Getting a personal loan is a popular option for people in unexpected financial crises. Such loans allow them to handle urgent situations when they don’t otherwise have enough money on hand. Unfortunately, the economy is struggling through the COVID-19 pandemic, making loan repayment extra difficult for many. So, you may be interested in personal loan deferment.
If you are finding it hard to repay your loans on time, you may wish to defer the loan repayment for a month or more. If circumstances prevent you from paying on time, your lender may allow you some time to reorganize yourself.
Delaying a loan repayment reduces financial stress. However, deferring also increases the overall cost of your loan in the end. Read on to understand how loan deferment works.
What Is Deferment on a Personal Loan?
When you defer a loan payment, you take a short-term break from paying a loan. Deferring a payment does not free you from making payment, but rather extends the loan period.
Both the lender and client must adhere to the loan terms and conditions.
Can I Defer Payment on a Personal Loan?
You can defer payment on a personal loan. To get a deferment, inform your lender of your situation. In most cases, lenders consider deferments for individuals in financial crises.
Some lenders grant loan deferments without interest. This means that your loan does not collect additional interest over the period for which payment is paused. Others continue charging interest when you halt payments.
Let’s say your repayment period is twelve months and you defer for two months. If the loan interest accrues, you end up paying interest for fourteen months.
Deferment periods vary from lender to lender. The majority of lenders have one- or two-month deferment terms. But this period is extendable in case the hardship prolongs.
How to Calculate How Much Deferment Can Cost
To determine how much a personal loan deferment could cost, first inquire whether your loan accruement will accumulate interest. The deferment cost will typically depend on the lender’s policies, so read the fine print on your loan.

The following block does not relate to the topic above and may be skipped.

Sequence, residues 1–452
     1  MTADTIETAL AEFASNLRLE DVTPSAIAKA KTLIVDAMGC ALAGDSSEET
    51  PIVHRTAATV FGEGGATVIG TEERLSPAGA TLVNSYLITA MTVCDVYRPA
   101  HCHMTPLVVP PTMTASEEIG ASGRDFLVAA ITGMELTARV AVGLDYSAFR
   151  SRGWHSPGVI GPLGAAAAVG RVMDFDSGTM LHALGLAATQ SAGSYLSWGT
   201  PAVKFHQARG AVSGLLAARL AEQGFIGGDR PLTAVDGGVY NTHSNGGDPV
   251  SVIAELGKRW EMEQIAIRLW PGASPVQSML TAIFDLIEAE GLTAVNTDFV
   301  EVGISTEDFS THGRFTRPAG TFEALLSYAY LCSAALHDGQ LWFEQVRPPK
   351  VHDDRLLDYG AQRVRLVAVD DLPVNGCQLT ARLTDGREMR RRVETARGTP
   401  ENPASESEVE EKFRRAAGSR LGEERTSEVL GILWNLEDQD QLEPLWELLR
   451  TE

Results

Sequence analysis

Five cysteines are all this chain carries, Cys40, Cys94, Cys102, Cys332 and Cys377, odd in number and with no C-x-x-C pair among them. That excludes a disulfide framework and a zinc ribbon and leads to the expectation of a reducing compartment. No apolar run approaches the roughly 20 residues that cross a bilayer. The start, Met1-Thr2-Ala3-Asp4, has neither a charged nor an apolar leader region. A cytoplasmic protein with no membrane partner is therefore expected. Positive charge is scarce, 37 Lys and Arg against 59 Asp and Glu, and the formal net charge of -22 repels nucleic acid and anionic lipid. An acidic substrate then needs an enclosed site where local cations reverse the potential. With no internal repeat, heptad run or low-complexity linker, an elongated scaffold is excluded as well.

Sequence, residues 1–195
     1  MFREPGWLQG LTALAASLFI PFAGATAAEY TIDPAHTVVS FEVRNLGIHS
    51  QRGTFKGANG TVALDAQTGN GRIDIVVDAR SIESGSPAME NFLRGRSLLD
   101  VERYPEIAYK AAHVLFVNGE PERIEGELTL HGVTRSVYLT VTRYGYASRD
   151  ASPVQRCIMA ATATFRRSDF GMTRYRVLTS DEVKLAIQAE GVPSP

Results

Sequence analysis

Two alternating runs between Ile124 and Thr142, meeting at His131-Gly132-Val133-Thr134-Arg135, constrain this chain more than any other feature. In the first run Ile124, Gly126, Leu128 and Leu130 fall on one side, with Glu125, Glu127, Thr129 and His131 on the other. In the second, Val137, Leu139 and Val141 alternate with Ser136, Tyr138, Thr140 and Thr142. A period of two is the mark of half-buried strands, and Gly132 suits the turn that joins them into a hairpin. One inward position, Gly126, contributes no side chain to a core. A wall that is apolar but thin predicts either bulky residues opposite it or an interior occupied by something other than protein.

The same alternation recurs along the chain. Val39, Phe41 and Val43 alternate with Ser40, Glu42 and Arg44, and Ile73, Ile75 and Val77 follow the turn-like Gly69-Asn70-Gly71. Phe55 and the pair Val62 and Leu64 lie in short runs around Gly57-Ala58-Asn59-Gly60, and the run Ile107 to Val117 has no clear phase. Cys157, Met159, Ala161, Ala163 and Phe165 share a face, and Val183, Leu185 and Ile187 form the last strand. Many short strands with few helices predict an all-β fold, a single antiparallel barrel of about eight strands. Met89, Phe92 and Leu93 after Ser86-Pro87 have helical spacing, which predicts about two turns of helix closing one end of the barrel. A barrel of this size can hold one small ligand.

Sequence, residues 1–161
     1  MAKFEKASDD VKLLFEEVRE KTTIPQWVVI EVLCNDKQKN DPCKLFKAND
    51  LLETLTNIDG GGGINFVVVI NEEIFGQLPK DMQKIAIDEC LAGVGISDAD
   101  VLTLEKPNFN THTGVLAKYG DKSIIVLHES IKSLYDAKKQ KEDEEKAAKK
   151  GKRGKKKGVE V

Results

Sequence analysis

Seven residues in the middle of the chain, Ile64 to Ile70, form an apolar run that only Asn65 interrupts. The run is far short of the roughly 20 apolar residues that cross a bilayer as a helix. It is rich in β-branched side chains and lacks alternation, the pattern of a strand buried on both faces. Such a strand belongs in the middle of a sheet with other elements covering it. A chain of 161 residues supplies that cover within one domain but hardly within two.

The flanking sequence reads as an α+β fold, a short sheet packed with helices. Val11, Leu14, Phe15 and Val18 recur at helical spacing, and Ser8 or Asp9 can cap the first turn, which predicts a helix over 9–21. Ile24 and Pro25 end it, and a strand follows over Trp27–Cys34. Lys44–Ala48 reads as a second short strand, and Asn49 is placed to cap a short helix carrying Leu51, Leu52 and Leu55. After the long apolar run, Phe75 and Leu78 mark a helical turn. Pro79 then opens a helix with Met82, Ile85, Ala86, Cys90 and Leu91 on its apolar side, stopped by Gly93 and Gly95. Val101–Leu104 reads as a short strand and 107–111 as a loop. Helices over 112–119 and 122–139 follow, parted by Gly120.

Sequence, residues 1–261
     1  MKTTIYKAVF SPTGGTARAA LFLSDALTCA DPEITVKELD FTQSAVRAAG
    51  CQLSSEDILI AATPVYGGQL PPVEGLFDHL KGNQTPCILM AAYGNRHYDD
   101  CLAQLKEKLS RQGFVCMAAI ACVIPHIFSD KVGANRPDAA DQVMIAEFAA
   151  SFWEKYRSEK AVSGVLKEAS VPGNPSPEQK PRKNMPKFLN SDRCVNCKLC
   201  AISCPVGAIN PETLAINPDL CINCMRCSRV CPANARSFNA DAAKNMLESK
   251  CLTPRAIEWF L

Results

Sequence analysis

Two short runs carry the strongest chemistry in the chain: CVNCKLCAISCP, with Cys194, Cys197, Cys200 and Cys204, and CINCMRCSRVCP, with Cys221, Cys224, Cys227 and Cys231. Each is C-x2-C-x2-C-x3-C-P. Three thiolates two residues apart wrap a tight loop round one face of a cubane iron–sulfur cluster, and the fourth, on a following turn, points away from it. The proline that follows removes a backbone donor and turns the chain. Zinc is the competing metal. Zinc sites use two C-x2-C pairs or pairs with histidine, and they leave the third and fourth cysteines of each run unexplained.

A personal loan deferment calculator can help you compute the cost you will incur, but you can also do this calculation on your own. Here’s an example to see how you can calculate the cost of a loan deferment:
Say you have a loan balance of $10,000 with an Annual Percentage Rate (APR) of 15% and you plan to halt payments for two months.
First, divide the APR by 12 to get the monthly interest rate. In this case, the monthly interest rate is 15%/12 months = 1.25%/month.
Next, multiply the monthly interest rate by the amount of the loan. In this case, the interest per month is 0.0125 x $10,0oo = $120/month.
Next, multiply the monthly interest by the number of months that the loan is deferred. So, the interest over two months would be by $120 x 2 = $240.
This is the total that you will pay in interest over the two-month deferral period. So, the total that will be due after the period is $10,000 + $240 = $10 240.
Note that this is only a rough estimate of the interest accumulation and does not account for compounded interest. You should budget for slightly more interest than this calculation suggests.
How To Defer a Personal Loan Payment
It’s important to let your lender know if you have a problem repaying your loan on time. If you don’t inform them, they’ll consider this late payment as the start of a default.
Make a call, log in, or send an email giving reasons for deferred payments. This action doesn’t automatically guarantee you a waiver. A lender may not approve your deferment applications at once.